Venice has been famous for its glass industry for over a thousand years. In 1291, the Venetian Republic decided to move the glass factories to the island of Murano because of the risk of fire. Glass continues to be made and sold on Murano today.
This elegant small oratory is SS. Giuseppe e Teresa, dedicated to saints Joseph and Teresa. It's nestled in the middle of a former convent founded on Murano in 1736. The convent was suppressed and closed in the early 19th century and later became a hospice for the widows and unmarried daughters of Murano's glass-makers (Ospizio Briati, founded by master glass-maker, Giuseppe Briati).
In the mid-19th century when Murano's most famous church was closed for restoration, this little chapel served as the island's parish church until Santa Maria e San Donato reopened.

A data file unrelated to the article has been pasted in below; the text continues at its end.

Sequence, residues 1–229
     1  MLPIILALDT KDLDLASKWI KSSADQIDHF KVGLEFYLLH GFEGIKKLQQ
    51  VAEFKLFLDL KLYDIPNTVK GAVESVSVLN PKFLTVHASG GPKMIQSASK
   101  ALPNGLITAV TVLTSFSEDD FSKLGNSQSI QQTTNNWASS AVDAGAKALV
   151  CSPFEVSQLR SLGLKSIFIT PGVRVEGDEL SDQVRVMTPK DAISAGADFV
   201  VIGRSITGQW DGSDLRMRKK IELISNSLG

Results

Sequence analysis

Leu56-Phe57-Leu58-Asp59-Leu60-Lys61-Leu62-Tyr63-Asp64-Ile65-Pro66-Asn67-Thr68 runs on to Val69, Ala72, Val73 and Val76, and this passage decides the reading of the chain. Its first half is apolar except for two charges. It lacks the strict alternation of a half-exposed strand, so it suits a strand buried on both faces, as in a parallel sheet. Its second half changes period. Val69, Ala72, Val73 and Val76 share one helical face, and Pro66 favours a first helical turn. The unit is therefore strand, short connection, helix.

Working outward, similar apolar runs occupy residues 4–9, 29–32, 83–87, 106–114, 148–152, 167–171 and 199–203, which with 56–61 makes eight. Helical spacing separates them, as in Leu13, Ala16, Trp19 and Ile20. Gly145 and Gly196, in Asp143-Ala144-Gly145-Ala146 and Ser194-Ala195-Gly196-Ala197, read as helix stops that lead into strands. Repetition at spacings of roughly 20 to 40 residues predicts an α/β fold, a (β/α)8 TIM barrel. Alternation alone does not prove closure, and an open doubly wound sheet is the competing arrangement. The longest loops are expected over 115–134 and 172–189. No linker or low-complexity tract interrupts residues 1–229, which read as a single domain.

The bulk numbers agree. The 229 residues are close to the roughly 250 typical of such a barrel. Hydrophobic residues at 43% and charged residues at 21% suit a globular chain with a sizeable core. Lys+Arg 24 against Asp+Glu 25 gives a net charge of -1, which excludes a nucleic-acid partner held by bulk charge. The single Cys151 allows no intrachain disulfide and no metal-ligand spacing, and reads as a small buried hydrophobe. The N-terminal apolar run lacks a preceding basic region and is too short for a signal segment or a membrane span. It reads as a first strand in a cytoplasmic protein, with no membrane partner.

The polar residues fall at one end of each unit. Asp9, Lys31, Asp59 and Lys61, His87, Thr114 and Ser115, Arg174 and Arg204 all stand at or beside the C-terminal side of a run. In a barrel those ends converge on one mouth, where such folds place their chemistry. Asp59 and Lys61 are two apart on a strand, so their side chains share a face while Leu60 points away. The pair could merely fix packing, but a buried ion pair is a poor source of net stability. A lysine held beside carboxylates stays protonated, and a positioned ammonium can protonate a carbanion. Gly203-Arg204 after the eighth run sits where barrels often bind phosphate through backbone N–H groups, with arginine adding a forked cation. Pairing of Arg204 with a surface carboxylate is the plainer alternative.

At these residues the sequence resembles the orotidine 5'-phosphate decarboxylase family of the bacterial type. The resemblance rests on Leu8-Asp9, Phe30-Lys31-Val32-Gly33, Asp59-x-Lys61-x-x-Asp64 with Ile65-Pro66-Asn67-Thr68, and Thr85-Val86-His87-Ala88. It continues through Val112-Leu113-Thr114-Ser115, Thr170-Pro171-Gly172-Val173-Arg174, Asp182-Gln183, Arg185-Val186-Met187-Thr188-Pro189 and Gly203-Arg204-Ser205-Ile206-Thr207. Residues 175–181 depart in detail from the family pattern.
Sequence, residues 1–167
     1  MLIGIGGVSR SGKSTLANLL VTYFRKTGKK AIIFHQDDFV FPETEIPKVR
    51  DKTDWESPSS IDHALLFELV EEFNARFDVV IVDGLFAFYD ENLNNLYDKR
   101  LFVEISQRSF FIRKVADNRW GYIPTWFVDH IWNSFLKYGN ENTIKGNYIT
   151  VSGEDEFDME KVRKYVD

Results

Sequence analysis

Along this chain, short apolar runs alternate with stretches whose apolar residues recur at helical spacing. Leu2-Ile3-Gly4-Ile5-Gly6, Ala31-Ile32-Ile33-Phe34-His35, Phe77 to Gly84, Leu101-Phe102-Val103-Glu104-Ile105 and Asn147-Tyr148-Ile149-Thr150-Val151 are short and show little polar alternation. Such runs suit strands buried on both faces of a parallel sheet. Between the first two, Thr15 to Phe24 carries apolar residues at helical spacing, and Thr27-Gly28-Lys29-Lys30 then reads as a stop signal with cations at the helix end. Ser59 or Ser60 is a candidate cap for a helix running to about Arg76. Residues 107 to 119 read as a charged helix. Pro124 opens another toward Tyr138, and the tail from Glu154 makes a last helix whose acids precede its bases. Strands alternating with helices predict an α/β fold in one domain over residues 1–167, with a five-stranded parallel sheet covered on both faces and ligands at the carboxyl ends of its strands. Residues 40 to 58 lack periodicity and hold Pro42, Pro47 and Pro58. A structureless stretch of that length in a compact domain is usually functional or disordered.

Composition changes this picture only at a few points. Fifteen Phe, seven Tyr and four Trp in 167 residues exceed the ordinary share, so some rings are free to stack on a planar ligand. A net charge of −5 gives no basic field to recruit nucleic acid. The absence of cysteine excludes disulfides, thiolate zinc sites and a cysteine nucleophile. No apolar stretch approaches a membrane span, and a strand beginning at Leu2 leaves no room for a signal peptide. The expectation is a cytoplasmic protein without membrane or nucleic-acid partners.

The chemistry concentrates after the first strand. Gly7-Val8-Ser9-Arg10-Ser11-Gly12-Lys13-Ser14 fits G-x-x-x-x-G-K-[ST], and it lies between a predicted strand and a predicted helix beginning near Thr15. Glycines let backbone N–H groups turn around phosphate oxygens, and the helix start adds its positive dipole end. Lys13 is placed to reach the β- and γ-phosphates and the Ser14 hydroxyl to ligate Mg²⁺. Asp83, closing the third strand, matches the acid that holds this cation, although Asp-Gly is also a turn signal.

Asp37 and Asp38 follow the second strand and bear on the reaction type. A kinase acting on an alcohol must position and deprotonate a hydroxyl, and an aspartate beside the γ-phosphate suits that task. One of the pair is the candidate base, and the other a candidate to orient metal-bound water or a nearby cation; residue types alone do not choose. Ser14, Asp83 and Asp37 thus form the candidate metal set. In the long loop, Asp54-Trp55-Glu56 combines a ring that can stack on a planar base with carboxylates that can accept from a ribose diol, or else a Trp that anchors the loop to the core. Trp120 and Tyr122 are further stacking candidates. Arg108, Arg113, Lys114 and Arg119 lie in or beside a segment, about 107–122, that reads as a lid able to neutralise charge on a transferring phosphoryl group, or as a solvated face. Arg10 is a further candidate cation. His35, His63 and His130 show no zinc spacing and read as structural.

The former religious complex is now city property. A few years ago, there was some discussion about turning the complex into a hotel, but there was much opposition to that plan, and then the city decided to restore the property so that it can be used as a home for disabled citizens. You can see photos of the cloisters and the interior of SS. Giuseppe e Teresa here.
Thanks for visiting and have a good weekend.
See a list of upcoming Saturday Photo Hunting themes on Gattina's website here.